The academic space of university is supposed to be conducive for personal growth and in which a young woman thrives into an independent and confident person, but thanks to the regressive hostel rules and constant moral policing of the authorities; it’s actually a space which reinforces and strengthens patriarchal norms that hinders growth of female students.
Chitra Dabral, Secretary of Phrophecy- fashion society of Lady Irwin College laments, “My society members, who live in hostels, never get to enjoy even a single the star night during the fest session because of the hostel timings. What’s worse is that we often have to cancel our participation, if competitions are scheduled later than 6pm.”
While male hostel residents enjoy late nights and have lax curfews rules (none, in many cases), girls are obliged to return within the walls by as early as 7pm. Such discriminatory regulations are very conveniently justified under the grab of women’s “safety”. What authorities fail to understand is, such rules put women at further risk as they are unable to return to the hostel at night and hence have to look for shelter elsewhere. Besides, if the authorities were so concerned about the “safety” issues then they would have shown the same enthusiasm they display while exercising control, in constituting Sexual Harassment Complaints Committee Cells as per the guidelines issued by the Supreme Court of India.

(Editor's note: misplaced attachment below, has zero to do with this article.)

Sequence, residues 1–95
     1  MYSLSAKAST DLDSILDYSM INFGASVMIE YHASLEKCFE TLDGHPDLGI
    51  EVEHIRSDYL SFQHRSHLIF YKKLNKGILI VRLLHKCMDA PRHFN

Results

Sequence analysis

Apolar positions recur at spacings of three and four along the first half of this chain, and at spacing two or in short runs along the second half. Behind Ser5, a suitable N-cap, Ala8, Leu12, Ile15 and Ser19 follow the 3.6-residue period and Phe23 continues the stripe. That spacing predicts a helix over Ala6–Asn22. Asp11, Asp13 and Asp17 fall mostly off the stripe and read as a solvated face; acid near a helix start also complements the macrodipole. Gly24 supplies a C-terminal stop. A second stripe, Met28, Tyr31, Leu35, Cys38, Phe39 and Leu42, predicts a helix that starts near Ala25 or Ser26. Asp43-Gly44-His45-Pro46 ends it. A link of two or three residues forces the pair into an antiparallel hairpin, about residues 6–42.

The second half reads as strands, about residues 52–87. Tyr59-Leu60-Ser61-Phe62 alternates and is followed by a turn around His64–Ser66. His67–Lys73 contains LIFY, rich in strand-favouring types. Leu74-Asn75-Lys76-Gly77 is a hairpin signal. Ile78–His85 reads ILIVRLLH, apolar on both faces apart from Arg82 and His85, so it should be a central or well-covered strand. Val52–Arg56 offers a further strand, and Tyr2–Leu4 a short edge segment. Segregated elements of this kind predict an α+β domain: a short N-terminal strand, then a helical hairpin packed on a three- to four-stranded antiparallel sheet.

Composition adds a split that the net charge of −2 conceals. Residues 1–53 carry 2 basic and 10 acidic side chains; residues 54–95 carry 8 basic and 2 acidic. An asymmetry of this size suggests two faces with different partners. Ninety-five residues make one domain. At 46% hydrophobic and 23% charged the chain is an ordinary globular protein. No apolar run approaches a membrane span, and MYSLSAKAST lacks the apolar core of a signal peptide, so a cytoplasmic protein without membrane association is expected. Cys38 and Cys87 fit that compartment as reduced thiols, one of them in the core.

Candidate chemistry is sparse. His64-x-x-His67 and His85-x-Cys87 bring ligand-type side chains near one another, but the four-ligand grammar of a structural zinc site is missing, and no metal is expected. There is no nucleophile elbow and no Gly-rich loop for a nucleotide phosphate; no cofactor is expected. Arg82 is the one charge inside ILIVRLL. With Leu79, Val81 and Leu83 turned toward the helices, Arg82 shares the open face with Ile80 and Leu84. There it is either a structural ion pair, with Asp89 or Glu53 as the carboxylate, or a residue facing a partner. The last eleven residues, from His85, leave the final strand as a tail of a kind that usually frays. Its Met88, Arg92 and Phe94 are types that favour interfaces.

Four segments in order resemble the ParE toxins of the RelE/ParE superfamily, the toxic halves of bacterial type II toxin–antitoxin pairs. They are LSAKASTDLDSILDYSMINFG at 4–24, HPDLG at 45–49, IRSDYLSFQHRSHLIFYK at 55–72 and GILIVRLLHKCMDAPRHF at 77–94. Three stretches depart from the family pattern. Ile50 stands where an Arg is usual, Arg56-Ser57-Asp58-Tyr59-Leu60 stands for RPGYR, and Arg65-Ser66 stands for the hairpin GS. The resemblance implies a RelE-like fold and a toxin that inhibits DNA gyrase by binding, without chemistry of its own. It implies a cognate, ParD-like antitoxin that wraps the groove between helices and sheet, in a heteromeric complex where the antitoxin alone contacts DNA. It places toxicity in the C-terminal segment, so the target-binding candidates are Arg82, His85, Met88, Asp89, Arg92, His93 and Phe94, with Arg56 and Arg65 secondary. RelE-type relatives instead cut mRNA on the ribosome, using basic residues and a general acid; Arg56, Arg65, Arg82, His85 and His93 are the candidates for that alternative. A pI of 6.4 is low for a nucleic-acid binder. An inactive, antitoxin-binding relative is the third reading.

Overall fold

Voices of resistance against unfair rules are cropping up across campuses. The latest case in example is the permission letter written by two students to the warden of Kaveri Hostel of Ambedkar University, Delhi.
Unlike their male counterparts, girls are asked to give explanations and seek permission to spend a few extra hours out of the hostel. In response to this “permission culture”, the girls wrote an honest letter resonating that they were “stressed and disappointed” with their academic life and hence needed a break. The picture of the letter was shared by Pinjra Tod on their Facebook Page .Talking to DUBeat, on condition of anonymity, one student of Ambedkar University confirmed that the duo was granted permission.
We don’t know if the letter was rebellion of a sort or just an honest request. Though by the looks of it, the latter seems to be the case. As they say, humor is the best way to expose the ridicule.
Feature Image Credits: The Quint
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